Molt Taylor

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Moulton Taylor
Born(1912-09-29)29 September 1912
Portland, Oregon, United States
Died16 November 1995(1995-11-16) (aged 83)
Known forThe Taylor Aerocar

Moulton B. "Molt" Taylor (September 29, 1912 – November 16, 1995) was an American aeronautical engineer famed for his work developing and manufacturing on a small scale one of the first practical flying cars, the Taylor Aerocar.

Life and career[edit]

Taylor was born in Portland, Oregon and studied engineering at the University of Washington. After graduation, he was accepted into the United States Navy as a pilot during World War II, and spent much of the war working on the Navy's Gorgon missile program, for which he was awarded the Legion of Merit medal. Shortly after the war, he designed his first flying car, the Aerocar, and founded Aerocar International in Longview, Washington, to develop, manufacture and market the aircraft. To date, it remains the closest that any such design came to actual mass production, but eventually only six were built.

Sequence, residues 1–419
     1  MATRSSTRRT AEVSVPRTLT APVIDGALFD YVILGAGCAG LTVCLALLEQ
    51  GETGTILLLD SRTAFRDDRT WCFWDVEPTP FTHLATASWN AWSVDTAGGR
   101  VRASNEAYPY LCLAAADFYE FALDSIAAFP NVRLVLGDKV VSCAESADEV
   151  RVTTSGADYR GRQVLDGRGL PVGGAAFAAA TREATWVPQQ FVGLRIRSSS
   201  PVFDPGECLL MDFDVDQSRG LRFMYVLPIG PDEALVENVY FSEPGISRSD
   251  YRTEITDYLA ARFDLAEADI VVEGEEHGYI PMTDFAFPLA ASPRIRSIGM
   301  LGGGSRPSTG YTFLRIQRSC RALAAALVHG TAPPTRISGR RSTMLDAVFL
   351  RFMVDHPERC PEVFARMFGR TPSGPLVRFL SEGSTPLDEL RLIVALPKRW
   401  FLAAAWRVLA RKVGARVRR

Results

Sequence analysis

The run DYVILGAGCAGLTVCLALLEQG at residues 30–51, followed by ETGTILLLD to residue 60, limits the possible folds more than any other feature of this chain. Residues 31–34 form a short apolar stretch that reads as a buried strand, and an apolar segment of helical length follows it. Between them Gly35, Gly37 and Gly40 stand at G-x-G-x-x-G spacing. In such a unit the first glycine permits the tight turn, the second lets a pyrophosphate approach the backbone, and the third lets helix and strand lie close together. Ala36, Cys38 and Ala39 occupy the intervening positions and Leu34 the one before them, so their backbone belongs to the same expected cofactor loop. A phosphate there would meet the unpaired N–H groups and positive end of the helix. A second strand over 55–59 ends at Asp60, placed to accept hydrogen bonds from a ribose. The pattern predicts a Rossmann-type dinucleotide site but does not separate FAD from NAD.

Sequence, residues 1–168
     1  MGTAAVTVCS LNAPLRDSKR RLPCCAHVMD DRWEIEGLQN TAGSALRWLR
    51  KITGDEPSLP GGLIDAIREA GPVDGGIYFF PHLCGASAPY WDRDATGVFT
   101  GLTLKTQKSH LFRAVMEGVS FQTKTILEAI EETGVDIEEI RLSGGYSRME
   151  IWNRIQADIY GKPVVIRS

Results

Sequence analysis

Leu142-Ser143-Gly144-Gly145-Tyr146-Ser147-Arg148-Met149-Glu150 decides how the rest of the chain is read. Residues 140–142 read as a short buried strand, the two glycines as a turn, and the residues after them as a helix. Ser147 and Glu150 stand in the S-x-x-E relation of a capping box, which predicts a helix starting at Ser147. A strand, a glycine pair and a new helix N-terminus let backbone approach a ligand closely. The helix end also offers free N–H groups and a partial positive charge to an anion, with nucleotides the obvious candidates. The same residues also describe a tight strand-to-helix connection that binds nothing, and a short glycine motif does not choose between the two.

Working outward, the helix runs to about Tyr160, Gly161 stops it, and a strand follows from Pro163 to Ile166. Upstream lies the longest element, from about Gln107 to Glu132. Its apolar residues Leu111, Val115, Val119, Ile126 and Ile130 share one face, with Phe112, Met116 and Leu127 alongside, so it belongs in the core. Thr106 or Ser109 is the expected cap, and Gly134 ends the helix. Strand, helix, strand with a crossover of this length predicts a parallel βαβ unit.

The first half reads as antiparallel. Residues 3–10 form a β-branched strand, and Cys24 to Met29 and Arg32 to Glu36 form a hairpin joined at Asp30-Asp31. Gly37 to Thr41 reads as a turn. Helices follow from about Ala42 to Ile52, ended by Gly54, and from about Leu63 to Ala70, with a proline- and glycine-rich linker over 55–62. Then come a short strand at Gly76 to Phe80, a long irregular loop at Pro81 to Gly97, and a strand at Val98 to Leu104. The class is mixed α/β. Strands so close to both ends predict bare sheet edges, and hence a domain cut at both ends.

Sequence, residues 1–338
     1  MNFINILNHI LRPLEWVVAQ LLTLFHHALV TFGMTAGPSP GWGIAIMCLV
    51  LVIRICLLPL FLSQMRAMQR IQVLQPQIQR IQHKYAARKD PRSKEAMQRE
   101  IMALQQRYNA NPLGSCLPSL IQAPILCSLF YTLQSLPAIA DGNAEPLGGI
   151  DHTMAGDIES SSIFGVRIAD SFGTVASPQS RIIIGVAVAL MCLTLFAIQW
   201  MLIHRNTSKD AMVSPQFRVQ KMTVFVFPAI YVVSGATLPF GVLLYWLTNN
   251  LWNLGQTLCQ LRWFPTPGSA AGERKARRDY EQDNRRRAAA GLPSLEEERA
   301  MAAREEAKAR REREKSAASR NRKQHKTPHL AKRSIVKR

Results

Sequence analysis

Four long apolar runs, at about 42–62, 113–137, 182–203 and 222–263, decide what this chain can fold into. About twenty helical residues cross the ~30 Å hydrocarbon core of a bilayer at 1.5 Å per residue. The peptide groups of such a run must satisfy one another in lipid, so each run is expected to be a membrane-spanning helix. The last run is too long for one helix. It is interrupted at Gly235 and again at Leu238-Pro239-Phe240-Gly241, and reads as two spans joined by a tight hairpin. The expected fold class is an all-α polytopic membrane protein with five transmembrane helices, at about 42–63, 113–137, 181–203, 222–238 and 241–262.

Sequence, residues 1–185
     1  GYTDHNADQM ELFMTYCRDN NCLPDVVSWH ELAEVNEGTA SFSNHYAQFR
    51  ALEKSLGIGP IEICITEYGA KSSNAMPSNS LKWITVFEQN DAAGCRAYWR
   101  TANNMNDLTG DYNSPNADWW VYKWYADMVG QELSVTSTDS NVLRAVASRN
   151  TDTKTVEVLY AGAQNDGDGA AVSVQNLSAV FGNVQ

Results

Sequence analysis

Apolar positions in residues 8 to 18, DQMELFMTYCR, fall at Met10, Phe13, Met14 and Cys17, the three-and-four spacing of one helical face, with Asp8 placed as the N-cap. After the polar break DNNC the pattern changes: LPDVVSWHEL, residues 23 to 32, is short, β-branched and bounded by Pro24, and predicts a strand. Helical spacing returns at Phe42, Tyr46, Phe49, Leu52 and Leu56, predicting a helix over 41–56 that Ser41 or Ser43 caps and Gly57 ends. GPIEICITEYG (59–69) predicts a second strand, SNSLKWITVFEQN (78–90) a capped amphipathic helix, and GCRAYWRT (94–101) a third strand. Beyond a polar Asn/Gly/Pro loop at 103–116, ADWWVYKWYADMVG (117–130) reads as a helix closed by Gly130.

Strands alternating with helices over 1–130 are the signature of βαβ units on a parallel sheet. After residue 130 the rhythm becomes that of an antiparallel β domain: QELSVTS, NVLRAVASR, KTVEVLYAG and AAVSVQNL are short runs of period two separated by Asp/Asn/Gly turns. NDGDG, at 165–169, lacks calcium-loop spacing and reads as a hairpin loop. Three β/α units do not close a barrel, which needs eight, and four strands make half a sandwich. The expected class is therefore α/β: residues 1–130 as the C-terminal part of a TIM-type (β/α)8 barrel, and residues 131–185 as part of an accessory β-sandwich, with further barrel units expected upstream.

Although Taylor continued to push for the viability of the flying car throughout the rest of his life, he also designed a number of only slightly more conventional designs for the homebuilt aircraft market, including the Taylor Coot amphibian and the Aerocar IMP family of light sport planes (which consists of the Mini, Micro and Ultra IMP).

In a 1979 article about the future of flight past the year 2000, Taylor somewhat inaccurately predicted widespread use of flying autos and pusher configurations, however he did accurately predict the mainstream use of carbon materials for lightweight spars and wing ribs.[1]

Awards and honors[edit]

He was awarded the Edward Longstreth Medal from the Franklin Institute in 1960.[2] Six days before his death, Taylor was inducted into the Experimental Aircraft Association (EAA) Hall of Fame.

The Kelso-Longview Regional Airport is also known as the "Molt Taylor Field".


  1. ^ Peter Lert (January 1979). "Designers talk about the future". Air Progress.
  2. ^ "Franklin Laureate Database - Edward Longstreth Medal 1960 Laureates". Franklin Institute. Archived from the original on December 14, 2012. Retrieved November 14, 2011.

External links[edit]